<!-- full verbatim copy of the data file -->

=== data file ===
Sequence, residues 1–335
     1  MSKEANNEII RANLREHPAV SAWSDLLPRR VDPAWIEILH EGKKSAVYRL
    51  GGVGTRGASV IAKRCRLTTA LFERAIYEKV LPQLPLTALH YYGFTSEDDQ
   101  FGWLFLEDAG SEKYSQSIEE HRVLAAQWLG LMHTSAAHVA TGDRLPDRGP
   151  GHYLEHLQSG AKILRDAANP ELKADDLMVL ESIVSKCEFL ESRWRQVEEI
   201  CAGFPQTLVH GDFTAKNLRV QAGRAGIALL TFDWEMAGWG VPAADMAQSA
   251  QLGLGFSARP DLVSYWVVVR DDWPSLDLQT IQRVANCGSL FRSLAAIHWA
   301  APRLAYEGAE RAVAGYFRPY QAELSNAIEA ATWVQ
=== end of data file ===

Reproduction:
Sequence, residues 1–335
     1  MSKEANNEII RANLREHPAV SAWSDLLPRR VDPAWIEILH EGKKSAVYRL
    51  GGVGTRGASV IAKRCRLTTA LFERAIYEKV LPQLPLTALH YYGFTSEDDQ
   101  FGWLFLEDAG SEKYSQSIEE HRVLAAQWLG LMHTSAAHVA TGDRLPDRGP
   151  GHYLEHLQSG AKILRDAANP ELKADDLMVL ESIVSKCEFL ESRWRQVEEI
   201  CAGFPQTLVH GDFTAKNLRV QAGRAGIALL TFDWEMAGWG VPAADMAQSA
   251  QLGLGFSARP DLVSYWVVVR DDWPSLDLQT IQRVANCGSL FRSLAAIHWA
   301  APRLAYEGAE RAVAGYFRPY QAELSNAIEA ATWVQ